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Heat Shock Protein 90α Is a Potential Serological Biomarker of Acute Rejection after Renal Transplantation

Heat Shock Protein 90α Is a Potential Serological Biomarker of Acute Rejection after Renal Transplantation

  • Takeshi Maehana, 
  • Toshiaki Tanaka, 
  • Hiroshi Kitamura, 
  • Nobuyuki Fukuzawa, 
  • Hideki Ishida, 
  • Hiroshi Harada, 
  • Kazunari Tanabe, 
  • Naoya Masumori



Heat shock protein 90 (HSP90), a molecular chaperone associated with the activation of client proteins, was recently reported to play an important role in immunologic reactions. To date, the role of HSP90 in solid organ transplantations has remained unknown. The aim of this study was to evaluate the relationship between serum HSP90α levels and acute allograft rejection after organ and tissue transplantation using serum samples from kidney allograft recipients, an in vitro antibody-mediated rejection model, and a murine skin transplantation.


Serum HSP90α levels were significantly higher in kidney recipients at the time of acute rejection (AR) than in those with no evidence of rejection. In most cases with AR, serum HSP90 decreased to baseline after the treatment. On the other hand, serum HSP90α was not elevated as much in patients with chronic rejection, calcineurin inhibitor nephrotoxicity, or BK virus nephropathy as in AR patients. In vitro study showed that HSP90α concentration in the supernatant was significantly higher in the supernatant of human aortic endothelial cells cocultured with specific anti-HLA IgG under complement attack than in that of cells cocultured with nonspecific IgG. In mice receiving skin transplantation, serum HSP90α was elevated when the first graft was rejected and the level further increased during more severe rejection of the second graft.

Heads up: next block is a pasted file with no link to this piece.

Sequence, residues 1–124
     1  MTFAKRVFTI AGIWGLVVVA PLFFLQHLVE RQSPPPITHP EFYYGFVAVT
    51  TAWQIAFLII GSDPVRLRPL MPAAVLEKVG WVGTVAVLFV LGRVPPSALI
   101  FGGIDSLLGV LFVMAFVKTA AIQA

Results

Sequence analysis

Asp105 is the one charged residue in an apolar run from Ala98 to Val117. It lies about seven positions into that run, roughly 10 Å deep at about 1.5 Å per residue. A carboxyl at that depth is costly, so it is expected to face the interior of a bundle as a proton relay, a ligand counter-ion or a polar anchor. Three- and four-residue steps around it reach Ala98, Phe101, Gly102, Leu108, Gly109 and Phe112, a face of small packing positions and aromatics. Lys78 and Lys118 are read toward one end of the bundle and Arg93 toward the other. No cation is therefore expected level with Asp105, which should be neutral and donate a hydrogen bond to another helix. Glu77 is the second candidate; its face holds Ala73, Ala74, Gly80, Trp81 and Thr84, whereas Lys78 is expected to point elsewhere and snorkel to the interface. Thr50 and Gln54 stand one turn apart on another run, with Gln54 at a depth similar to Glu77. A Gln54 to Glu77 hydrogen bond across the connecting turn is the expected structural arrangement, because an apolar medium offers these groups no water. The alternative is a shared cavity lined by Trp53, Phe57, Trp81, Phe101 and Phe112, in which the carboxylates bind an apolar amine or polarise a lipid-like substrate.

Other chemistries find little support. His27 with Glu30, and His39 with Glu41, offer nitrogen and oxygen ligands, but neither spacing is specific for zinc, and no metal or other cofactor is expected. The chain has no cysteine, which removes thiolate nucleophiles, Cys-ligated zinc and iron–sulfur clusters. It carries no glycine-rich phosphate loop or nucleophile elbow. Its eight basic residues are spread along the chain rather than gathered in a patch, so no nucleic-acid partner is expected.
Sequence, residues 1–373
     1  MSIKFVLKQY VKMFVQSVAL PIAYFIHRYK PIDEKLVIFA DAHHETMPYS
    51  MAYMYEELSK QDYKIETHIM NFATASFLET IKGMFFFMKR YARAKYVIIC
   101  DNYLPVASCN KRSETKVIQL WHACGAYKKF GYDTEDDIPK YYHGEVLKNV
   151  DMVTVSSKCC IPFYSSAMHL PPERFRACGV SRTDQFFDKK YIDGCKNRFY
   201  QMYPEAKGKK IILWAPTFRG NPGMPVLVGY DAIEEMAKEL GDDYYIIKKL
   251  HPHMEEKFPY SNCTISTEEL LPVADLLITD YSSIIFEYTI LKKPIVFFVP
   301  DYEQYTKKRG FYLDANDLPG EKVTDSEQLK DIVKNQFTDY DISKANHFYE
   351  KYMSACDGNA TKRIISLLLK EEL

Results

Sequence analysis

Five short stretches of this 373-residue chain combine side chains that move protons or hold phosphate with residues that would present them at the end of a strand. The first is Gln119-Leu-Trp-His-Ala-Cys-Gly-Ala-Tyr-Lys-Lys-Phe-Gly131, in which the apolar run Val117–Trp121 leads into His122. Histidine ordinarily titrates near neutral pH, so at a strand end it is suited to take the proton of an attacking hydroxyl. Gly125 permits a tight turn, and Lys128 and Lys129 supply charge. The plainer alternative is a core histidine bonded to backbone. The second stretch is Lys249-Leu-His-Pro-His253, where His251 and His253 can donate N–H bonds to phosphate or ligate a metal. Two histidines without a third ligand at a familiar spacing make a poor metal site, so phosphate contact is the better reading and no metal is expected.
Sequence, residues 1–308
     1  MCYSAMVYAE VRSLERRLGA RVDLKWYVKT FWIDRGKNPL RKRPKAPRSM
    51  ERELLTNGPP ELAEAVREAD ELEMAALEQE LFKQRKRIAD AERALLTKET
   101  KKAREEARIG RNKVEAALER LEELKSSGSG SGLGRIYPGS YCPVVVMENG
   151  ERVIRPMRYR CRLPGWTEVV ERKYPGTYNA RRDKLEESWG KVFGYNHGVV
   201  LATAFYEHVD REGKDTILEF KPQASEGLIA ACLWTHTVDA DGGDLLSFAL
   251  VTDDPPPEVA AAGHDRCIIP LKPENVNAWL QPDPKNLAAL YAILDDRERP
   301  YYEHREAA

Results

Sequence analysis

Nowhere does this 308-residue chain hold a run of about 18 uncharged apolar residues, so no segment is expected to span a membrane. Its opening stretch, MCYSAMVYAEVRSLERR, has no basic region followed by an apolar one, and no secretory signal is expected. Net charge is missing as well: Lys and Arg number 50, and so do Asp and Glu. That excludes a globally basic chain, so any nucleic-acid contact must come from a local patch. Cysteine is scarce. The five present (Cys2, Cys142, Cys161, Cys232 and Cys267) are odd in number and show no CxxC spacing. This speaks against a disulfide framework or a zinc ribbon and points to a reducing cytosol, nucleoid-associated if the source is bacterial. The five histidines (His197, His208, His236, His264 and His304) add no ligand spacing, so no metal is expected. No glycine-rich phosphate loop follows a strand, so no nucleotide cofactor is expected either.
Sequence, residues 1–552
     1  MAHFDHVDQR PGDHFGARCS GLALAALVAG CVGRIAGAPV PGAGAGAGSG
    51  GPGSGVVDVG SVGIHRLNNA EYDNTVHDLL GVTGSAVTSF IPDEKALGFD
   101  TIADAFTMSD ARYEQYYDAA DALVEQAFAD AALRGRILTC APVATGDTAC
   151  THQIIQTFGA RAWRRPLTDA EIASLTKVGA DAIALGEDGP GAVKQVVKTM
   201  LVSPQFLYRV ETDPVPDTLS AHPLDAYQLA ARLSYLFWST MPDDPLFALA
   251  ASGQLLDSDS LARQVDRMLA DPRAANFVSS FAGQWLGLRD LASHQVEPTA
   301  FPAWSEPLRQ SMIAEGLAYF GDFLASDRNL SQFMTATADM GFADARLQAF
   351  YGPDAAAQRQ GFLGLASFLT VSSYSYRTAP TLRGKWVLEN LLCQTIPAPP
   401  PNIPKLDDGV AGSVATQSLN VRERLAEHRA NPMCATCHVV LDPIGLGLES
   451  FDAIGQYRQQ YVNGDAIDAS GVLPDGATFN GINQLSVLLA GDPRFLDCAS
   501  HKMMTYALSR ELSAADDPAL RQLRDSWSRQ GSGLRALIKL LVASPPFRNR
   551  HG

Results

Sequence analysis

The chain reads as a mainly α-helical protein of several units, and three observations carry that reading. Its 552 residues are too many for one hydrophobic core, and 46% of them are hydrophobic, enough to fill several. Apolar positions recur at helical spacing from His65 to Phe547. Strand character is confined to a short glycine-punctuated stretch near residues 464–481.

The results suggest that HSP90α is released into the serum by cell damage due to AR in organ and tissue transplantation, and it is potentially a new biomarker to help detect AR in kidney recipients.


The development of immunosuppressive treatments has decreased the incidence of acute rejection (AR) and improved the outcome in solid organ transplantation. However, careful surveillance for detection of AR is still mandatory in most allograft recipients. In kidney transplantation, serum creatinine is currently used as the sole serological marker of acute rejection, but it is also elevated due to other conditions such as infectious disease and drug nephrotoxicity. Thus, histological diagnosis by graft biopsy is essential to start anti-acute rejection treatment. However, graft biopsy is invasive and associated with hemorrhagic complications. On the other hand, kidney transplant recipients often have a concomitant cardiovascular disease or cerebrovascular disease needing anticoagulation or antiplatelet therapy. Because cessation of such therapy is necessary from several days before biopsy, the diagnosis of rejection can be delayed. Moreover, cessation of anticoagulation or antiplatelet therapy may involve a high risk of recurrence or worsening of the cardiovascular or cerebrovascular disease. In addition, the cooperation of the patient is mandatory for graft biopsy. Therefore, mental disorders such as delirium, and an uncooperative attitude may make it difficult to carry out graft biopsy. Furthermore, severe AR such as antibody-mediated rejection is time-sensitive and requires quick initiation of the treatment to restore the graft function. Therefore, a highly specific serological marker for AR would be quite helpful in the clinical setting of kidney transplantation.